A Few Observations

Yes, I’m crass enough to notice page views.

1. I hope you’re sitting down – detailed posts on Hegelian philosophy do not generate the number of page views one might hope. It’s like people don’t even care. Perhaps the souls of people who don’t view those posts are in a better place than mine – easy to imagine – and they don’t need the years off Purgatory?

2. I may be the web’s go-to guy for analysis of John Donne’s poem “A Nocturnal Upon St. Lucy’s Day.” Google has me in the top 6 results, in there with actual scholars and stuff. Also, a surprising number of people seem to wander over to view a post about the Fra Angelico’s Annunciations (there are 2) in San Marco’s in Florence. True story: my wife and I saved up money the first year after we married and took a trip to Italy – Rome & Florence, really. It was fun. We were two of only a handful of people in San Marco’s, and I, still only a couple years removed from art school, was giving – you’ll find this completely hard to believe – a little running lecture to my bride on the images in the brother’s cells. Soon, I noticed a small clot of tourists following us around – I apparently missed my true calling as an English-language Italian tour guide, which would work as long as the tours were of the tiny handful of things I know anything about, sort of like St. Joseph of Cupertino’s oral examination question.

At the end, we had a brief, fun discussion with an elderly German couple who seemed to enjoy my blathering. Elderly meaning about the age I am now. Sheesh.

3. But the winner, at least for as unfocused and cat-picture-free a blog as this one, it to review books by people other than Hegel.

That reminds me – got some Flynn and Wright beckoning from the book pile. It’s about time to read them.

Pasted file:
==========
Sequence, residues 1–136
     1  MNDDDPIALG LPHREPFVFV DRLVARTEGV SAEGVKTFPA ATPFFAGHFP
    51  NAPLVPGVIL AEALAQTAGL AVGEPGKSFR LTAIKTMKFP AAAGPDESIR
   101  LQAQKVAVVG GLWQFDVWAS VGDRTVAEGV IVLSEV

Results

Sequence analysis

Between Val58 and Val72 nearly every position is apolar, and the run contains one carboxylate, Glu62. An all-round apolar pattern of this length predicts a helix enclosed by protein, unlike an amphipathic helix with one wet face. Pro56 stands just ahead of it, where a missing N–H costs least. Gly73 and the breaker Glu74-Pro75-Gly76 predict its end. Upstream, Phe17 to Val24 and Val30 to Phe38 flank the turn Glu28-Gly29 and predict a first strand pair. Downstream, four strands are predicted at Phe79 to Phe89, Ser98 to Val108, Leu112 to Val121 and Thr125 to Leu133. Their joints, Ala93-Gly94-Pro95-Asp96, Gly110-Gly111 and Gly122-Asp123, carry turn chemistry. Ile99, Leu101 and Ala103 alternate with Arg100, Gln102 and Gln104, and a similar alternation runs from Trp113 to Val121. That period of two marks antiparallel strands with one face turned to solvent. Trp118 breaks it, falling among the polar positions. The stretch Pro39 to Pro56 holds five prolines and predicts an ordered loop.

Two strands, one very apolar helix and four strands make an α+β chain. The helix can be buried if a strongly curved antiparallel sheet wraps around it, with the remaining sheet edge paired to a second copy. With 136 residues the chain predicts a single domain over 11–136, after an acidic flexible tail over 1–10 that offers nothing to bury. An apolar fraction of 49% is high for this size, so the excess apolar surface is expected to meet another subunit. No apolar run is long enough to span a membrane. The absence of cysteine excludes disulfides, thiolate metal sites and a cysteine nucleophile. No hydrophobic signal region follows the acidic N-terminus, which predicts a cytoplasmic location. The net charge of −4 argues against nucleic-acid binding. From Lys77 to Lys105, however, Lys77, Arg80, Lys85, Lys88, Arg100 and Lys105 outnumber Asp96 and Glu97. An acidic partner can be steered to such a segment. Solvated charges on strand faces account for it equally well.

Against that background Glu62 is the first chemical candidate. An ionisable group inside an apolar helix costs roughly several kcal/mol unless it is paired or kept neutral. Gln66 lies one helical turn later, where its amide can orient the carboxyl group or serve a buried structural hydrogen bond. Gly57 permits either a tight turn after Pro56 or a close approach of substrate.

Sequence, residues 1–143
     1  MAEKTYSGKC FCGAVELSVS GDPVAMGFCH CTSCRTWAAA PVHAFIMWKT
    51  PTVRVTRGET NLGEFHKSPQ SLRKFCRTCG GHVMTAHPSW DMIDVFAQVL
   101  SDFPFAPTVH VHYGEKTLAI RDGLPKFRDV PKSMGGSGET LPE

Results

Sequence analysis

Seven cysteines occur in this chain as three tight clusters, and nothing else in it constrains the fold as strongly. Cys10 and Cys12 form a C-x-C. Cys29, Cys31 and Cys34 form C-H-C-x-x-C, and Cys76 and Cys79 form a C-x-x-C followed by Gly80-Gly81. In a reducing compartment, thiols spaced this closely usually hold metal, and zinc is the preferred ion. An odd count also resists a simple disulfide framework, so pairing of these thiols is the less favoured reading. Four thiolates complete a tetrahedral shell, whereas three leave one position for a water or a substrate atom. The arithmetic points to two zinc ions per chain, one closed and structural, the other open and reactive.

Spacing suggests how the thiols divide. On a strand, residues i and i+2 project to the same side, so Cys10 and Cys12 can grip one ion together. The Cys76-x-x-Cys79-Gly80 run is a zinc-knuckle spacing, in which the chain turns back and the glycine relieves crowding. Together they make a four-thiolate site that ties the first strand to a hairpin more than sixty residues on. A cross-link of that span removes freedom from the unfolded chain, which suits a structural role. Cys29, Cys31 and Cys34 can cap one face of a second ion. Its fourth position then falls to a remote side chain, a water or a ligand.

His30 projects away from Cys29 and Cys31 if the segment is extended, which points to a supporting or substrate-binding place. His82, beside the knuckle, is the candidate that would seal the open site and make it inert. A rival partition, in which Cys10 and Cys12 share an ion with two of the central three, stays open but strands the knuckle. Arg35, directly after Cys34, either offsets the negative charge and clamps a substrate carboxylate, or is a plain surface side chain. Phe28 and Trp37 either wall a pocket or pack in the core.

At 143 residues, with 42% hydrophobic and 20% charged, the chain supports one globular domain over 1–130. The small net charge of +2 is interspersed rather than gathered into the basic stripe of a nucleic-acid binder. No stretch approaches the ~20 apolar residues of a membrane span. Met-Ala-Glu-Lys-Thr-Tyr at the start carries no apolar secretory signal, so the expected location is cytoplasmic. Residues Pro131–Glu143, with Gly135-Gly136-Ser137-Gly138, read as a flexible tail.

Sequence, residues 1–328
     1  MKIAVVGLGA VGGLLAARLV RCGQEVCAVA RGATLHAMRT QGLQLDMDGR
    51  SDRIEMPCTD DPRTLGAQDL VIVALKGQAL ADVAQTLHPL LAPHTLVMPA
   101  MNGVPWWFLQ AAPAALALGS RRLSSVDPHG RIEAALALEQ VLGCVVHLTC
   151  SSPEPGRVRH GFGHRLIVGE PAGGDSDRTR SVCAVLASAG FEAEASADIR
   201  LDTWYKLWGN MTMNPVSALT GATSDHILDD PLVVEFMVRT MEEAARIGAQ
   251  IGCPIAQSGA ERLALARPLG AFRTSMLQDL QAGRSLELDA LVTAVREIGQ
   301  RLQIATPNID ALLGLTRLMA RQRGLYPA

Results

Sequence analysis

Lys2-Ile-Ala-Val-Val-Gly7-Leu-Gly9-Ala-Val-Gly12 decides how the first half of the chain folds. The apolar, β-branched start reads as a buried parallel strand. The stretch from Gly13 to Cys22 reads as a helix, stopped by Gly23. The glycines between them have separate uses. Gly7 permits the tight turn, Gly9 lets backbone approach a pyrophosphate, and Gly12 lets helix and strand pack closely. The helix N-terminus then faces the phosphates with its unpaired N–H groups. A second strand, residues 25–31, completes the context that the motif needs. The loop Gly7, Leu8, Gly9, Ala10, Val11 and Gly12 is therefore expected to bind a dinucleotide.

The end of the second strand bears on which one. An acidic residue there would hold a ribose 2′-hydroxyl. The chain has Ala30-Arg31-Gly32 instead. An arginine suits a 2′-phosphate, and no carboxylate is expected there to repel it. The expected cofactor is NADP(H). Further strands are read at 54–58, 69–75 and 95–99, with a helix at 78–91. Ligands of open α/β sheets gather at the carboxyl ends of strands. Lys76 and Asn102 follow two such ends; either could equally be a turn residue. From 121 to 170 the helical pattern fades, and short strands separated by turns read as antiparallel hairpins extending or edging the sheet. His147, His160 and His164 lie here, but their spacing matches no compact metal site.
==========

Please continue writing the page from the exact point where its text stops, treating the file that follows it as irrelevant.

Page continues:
Author: Joseph Moore

Enough with the smarty-pants Dante quote. Just some opinionated blogger dude.

2 thoughts on “A Few Observations”

  1. That is so cool about the tourists following you around. What a stud.

    Once during a homily, the priest at my church couldn’t remember the name of some Old Testament king, and by coincidence it happened to be within a couple of chapters of where I was in my year-long trek through the Bible, so I knew the answer. The priest kept saying “Hmm, now what was the guy’s name, was it …? No, not that ….”, and I was just itching to shout it out. Finally a Joseph-of-Cupertino-esque miracle happened: For the first and last time in my experience, he asked the congregation if anyone knew the name of this king, and I was free to shout it out without looking like a total goober. My neighbors and pew-mates were amazed and clapped me on the shoulders and so forth, and I looked like the Bible Scholar of the World.

    If he had asked the question six months later there is no chance in heck I would have remembered the name.

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